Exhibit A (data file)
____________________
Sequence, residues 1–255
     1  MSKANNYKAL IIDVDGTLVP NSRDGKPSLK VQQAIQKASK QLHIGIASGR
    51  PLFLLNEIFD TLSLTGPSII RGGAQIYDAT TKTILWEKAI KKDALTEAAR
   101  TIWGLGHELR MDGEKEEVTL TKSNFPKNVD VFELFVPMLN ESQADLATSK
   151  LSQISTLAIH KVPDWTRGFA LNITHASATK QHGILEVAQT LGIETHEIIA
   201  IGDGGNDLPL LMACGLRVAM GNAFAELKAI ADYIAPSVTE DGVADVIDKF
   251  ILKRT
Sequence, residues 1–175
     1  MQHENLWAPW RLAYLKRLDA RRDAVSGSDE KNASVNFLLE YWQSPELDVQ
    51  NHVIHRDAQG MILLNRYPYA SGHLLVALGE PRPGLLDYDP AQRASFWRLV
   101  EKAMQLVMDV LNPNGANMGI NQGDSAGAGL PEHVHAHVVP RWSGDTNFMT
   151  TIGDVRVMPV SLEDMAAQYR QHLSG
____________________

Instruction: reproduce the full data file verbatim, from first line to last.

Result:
Sequence, residues 1–255
     1  MSKANNYKAL IIDVDGTLVP NSRDGKPSLK VQQAIQKASK QLHIGIASGR
    51  PLFLLNEIFD TLSLTGPSII RGGAQIYDAT TKTILWEKAI KKDALTEAAR
   101  TIWGLGHELR MDGEKEEVTL TKSNFPKNVD VFELFVPMLN ESQADLATSK
   151  LSQISTLAIH KVPDWTRGFA LNITHASATK QHGILEVAQT LGIETHEIIA
   201  IGDGGNDLPL LMACGLRVAM GNAFAELKAI ADYIAPSVTE DGVADVIDKF
   251  ILKRT
Sequence, residues 1–175
     1  MQHENLWAPW RLAYLKRLDA RRDAVSGSDE KNASVNFLLE YWQSPELDVQ
    51  NHVIHRDAQG MILLNRYPYA SGHLLVALGE PRPGLLDYDP AQRASFWRLV
   101  EKAMQLVMDV LNPNGANMGI NQGDSAGAGL PEHVHAHVVP RWSGDTNFMT
   151  TIGDVRVMPV SLEDMAAQYR QHLSG